# Thread: Distribution Probability Question

1. ## Distribution Probability Question

An airline has determined that 4% of people do not show up for their flights. To avoid having empty seats, the flight is overbooked. A large jet holds 300 people. What is the probability that some travelers will not get a seat if 310 tickets are sold?

I know that the expected number would be 310 times 0.04 and i calculated the standard deviation, but it gave me the the wrong z-score. Could someone help please?

2. Originally Posted by dalbir4444
An airline has determined that 4% of people do not show up for their flights. To avoid having empty seats, the flight is overbooked. A large jet holds 300 people. What is the probability that some travelers will not get a seat if 310 tickets are sold?

use the binomial distribution here. (do you see why?)

the probability that $\displaystyle k$ people show up is given by:

$\displaystyle P(k) = {310 \choose k}(.96)^k(0.04)^{310 - k}$

you want the chances of more people showing up than there are seats for. since there are actually 300 seats, but 310 tickets sold, it means we will not have enough seats if 301 people, or 302 people, or ..., 310 people show up. that is, the probability of that happening is:

$\displaystyle P(k \ge 301) = P(301) + P(302) + \cdots + P(310)$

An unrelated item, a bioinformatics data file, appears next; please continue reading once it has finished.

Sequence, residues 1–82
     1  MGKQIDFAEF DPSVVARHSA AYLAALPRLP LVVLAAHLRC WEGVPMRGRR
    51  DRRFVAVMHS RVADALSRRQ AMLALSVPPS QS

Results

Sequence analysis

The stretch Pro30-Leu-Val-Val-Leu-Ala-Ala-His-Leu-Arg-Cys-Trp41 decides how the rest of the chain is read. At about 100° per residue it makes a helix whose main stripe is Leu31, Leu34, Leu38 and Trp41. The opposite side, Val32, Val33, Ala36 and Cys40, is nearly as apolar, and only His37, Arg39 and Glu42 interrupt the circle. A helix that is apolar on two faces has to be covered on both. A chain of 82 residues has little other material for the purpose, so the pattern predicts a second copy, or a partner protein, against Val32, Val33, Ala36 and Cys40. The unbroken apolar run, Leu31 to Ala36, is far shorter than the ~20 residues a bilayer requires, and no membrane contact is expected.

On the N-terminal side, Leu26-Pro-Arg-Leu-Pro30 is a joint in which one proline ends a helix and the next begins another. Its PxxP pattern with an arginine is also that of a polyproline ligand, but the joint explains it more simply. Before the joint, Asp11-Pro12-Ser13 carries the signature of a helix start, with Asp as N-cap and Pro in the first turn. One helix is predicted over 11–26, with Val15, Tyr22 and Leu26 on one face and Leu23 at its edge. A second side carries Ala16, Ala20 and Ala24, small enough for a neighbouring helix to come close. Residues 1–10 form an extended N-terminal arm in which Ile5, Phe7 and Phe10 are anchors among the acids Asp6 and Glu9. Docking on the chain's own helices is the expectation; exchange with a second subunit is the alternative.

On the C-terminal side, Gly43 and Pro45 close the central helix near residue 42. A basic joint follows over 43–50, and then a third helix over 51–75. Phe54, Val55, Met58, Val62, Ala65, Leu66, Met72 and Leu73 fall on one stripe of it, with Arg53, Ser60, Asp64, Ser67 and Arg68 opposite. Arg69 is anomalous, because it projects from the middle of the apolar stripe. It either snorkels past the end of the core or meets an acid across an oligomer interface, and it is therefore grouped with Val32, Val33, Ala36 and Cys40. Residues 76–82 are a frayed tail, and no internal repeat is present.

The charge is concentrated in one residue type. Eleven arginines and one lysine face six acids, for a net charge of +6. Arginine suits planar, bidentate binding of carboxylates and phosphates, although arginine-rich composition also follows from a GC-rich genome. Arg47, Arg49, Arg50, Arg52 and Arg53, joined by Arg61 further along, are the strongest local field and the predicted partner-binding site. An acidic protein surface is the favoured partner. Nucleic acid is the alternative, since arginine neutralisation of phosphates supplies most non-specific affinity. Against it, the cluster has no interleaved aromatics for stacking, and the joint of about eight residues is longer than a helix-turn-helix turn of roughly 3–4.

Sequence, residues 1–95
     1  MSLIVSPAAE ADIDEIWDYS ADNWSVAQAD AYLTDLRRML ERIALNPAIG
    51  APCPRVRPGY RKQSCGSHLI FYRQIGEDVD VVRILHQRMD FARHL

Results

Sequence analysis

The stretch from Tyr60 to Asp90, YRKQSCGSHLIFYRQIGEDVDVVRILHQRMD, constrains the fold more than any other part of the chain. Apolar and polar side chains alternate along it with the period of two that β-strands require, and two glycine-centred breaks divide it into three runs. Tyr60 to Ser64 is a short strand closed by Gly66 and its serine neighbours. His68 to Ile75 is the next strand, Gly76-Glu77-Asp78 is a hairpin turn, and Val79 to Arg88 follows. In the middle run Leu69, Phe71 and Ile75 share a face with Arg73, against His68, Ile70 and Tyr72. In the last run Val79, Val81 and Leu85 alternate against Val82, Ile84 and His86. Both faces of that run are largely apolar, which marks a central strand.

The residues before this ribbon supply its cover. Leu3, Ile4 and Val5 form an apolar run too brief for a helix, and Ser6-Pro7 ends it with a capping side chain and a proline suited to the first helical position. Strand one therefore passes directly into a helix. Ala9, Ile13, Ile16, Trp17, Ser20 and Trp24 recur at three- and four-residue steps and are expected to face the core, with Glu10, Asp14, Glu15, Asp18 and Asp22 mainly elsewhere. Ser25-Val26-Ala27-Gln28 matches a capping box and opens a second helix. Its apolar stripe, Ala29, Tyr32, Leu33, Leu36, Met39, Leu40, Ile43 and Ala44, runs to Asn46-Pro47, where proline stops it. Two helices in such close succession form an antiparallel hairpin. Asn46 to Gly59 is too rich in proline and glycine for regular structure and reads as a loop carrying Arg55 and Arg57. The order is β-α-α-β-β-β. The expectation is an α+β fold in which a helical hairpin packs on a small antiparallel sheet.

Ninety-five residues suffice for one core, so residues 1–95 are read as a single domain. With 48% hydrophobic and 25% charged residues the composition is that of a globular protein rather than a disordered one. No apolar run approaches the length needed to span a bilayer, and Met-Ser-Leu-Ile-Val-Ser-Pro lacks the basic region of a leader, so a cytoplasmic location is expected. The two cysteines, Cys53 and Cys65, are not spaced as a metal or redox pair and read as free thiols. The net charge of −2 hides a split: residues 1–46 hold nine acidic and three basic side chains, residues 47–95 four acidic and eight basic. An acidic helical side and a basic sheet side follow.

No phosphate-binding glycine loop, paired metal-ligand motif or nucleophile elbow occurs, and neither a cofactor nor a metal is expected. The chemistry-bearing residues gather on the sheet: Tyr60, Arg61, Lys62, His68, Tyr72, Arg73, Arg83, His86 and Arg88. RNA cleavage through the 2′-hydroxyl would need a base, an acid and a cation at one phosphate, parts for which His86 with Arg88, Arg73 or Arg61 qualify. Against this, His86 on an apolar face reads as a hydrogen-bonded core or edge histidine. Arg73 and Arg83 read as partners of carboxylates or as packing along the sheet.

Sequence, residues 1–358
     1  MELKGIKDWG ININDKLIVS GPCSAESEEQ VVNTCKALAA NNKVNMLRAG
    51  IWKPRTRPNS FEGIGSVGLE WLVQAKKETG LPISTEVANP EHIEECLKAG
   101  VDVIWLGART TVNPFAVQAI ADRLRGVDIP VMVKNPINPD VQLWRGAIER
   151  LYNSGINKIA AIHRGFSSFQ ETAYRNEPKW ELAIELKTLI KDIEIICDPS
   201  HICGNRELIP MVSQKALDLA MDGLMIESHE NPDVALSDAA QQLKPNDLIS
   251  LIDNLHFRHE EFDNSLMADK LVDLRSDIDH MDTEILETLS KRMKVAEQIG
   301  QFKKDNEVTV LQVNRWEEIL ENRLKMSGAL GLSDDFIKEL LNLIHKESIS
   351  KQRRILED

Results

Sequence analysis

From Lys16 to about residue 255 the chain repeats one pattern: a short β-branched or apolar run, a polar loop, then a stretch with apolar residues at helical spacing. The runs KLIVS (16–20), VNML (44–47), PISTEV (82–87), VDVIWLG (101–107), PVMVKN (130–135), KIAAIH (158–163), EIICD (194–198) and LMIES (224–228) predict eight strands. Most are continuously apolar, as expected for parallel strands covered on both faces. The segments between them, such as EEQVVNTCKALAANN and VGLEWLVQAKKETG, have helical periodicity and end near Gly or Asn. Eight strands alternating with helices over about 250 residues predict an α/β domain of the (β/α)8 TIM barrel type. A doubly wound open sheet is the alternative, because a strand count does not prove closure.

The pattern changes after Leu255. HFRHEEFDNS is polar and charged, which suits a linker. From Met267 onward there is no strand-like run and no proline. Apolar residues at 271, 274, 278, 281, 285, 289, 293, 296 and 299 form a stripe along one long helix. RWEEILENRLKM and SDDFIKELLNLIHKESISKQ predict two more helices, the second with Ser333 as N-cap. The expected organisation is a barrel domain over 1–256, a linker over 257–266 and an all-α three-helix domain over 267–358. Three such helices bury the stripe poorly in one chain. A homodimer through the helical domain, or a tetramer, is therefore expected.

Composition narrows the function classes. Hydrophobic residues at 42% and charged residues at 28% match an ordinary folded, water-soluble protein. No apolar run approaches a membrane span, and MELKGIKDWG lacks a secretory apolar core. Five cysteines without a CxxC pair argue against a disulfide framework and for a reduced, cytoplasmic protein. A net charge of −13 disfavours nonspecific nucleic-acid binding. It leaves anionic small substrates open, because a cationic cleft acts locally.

the calculations here are a bit much, so you may consider using the Normal approximation to the binomial distribution. i think it would be somewhat accurate in this case, since we have a relatively large number of trials, namely 310. do you know how to do the approximation? you have to find the z-score and all that. ring a bell?

3. Assuming that "showing or not showing" for each ticket is independent of the other tickets, this is actually a binomial distribution with p= 0.96 and q= 0.04 and number of events n= 300. Its mean is np= (310)(.96)= 297.6. The standard deviation is given by $\displaystyle \sqrt{npq}= \sqrt{310(.96)(.04)}= 3.45022$. Are those what you got?

The exact value for a binomial distribution with n= 300 is a tedious calculation but it can be approximated by a normal distribution with the same mean and standard deviation. However, since the value (number of people who actually do show up) must be an integer while the normal distribution takes all real numbers, you must use the "half-integer" correction:
Since any number less than 300.5 would round to 300 or less, the correct z here is derived as (300.5- 297.6)/3.45022.